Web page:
# Talk:Presentation of a group

## Notation

I believe it is more common to write the presentation of a group G = (S|T) rather than G = (S;T), thoughts? - siroxo 06:11, Jun 6, 2004 (UTC)

I have seen lots of notations including: (S|T), (S;T), <S:T>, <S;T> and <S|T>. A brief but unrepresentative survey:

• Magnuss, Karrrass and Solitar, 'Combinatorial Group Theory': <S;T>
• Lyndon and Schupp, 'Combinatorial Group Theory': (S;T)
• Ian Macdonald, 'The theory of groups': gp{S;T}
• Boone, Canninito and Lyndon (Eds), 'Word Problems': this is a collection of paper at a combinatorial group theory conference. It contains all these notations: (S|T), {S|T}, <S;T>, {S;T}, and gp(S;T), maybe more - I havn't checked all 650 pages!

I have no idea which is the most common notation, although I am pretty sure (S|T) is not the most common. I tend to default to the M-K-S notation <S;T>, probably because that it the textbook I used when I was learning combinatorial group theory. I get the impression that this and the L-S notation (S;T) are the most common among people who work on algoithmic problems in group theory, but, of course, other group theorists use presentations too! Personally but I am not too bothered as I tend to adapt to the environment, but it does seem to worry some people.

• Should there be a wikipedia standard? how do you go about making one?
• Maybe it is worth mentioning that the notation for a presentation is not generally agreed upon.

Bernard Hurley 10:38, 27 September 2006 (UTC)

Previous survey was of publications I own, but they are all a bit out of date. Quick, but unscientific, survey of 50 papers from last four years:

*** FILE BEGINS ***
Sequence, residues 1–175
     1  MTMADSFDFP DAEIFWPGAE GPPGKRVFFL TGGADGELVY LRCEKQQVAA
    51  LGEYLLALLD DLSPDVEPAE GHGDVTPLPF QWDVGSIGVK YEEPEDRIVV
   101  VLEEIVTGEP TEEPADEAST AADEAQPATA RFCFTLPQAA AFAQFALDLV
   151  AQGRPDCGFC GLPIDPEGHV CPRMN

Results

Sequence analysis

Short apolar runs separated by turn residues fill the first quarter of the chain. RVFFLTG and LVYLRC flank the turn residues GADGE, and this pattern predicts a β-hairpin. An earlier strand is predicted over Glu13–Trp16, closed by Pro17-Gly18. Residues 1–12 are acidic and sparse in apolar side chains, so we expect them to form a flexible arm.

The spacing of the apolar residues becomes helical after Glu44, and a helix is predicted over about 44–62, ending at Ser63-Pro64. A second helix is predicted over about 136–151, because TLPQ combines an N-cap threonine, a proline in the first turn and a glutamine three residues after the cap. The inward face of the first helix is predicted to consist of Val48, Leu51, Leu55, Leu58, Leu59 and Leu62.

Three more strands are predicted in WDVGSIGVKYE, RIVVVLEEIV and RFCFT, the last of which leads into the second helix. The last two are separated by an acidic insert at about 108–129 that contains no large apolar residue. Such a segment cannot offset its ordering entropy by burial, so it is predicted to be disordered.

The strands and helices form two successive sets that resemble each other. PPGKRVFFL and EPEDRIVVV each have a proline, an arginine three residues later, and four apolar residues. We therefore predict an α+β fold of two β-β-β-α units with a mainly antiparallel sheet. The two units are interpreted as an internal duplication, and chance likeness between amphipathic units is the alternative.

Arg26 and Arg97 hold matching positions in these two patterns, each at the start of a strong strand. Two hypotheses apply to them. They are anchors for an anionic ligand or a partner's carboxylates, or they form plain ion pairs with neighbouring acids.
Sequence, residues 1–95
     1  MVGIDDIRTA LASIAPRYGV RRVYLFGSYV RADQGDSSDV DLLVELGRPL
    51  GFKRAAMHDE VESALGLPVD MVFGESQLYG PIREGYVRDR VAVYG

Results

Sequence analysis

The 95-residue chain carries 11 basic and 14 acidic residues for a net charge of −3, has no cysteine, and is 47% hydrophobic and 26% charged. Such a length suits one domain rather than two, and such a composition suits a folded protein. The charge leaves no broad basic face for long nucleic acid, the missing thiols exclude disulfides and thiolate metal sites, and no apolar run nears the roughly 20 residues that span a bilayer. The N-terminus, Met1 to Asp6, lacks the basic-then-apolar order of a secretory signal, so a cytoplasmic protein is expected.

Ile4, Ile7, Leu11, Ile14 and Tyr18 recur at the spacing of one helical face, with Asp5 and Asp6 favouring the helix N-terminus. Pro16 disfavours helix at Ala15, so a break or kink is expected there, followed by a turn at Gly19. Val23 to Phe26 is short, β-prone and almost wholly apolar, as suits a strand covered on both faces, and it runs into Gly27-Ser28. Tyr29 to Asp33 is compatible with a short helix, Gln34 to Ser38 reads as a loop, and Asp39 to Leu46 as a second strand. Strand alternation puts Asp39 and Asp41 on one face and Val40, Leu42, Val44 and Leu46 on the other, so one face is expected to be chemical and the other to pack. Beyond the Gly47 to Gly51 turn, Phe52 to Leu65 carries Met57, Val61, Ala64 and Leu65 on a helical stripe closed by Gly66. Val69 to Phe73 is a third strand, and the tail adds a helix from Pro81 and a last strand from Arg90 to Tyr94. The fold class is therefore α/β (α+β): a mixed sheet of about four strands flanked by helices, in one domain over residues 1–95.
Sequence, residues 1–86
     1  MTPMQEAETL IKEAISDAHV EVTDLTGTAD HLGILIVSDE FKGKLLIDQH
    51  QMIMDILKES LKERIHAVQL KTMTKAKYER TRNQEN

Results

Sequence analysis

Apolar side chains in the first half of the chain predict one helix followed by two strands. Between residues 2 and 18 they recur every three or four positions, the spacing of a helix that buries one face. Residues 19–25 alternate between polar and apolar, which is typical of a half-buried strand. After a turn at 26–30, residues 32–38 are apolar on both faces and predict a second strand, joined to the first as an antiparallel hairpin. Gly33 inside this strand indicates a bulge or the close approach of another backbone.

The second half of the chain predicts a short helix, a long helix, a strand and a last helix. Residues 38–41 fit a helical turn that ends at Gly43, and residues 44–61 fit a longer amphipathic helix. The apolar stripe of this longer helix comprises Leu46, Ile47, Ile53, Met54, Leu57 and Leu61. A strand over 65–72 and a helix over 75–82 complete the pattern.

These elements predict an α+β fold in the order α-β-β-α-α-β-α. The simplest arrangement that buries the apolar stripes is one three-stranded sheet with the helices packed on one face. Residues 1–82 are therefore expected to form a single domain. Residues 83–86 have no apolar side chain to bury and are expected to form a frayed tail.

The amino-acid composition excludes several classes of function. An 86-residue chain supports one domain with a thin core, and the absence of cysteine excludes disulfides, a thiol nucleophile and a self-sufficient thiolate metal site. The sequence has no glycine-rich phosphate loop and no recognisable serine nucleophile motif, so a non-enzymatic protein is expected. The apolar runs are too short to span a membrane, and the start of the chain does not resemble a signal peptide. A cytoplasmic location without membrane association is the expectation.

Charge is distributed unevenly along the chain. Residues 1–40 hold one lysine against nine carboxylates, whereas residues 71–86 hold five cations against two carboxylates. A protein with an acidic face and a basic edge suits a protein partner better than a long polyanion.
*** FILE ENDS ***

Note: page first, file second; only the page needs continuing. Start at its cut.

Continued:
<S|T> 92%
(S|T) 4%
{S;T} 2%
<S;T> 2%

So it looks like <S|T> is the de facto standard now.

Bernard Hurley 09:13, 28 September 2006 (UTC)

## Undecidability

Given two presentations, the problem of determining if they give the same group is undecidable, in the Godelian sense. Viz there is no algorithm or Turing machine that can systematically explore presentations and determine whether they specify the same group in a finite amount of time (in general -- in any particular case, you just might be able to work it out). This is isomorphic to the halting problem. Do we have an article on this?

(There is an intuitive way to look at this: for any given presentation, you can try to write out every possible string that it generates; the problem is one of trying to compare all possible strings to determine if the same set was generated. Finitely-presented groups are kind-of-like context-free grammars, so one has a similar problem there: do two different grammars generate the same set of sentences? The CFG article does briefly review the undecidability problem.) linas 14:30, 25 July 2006 (UTC)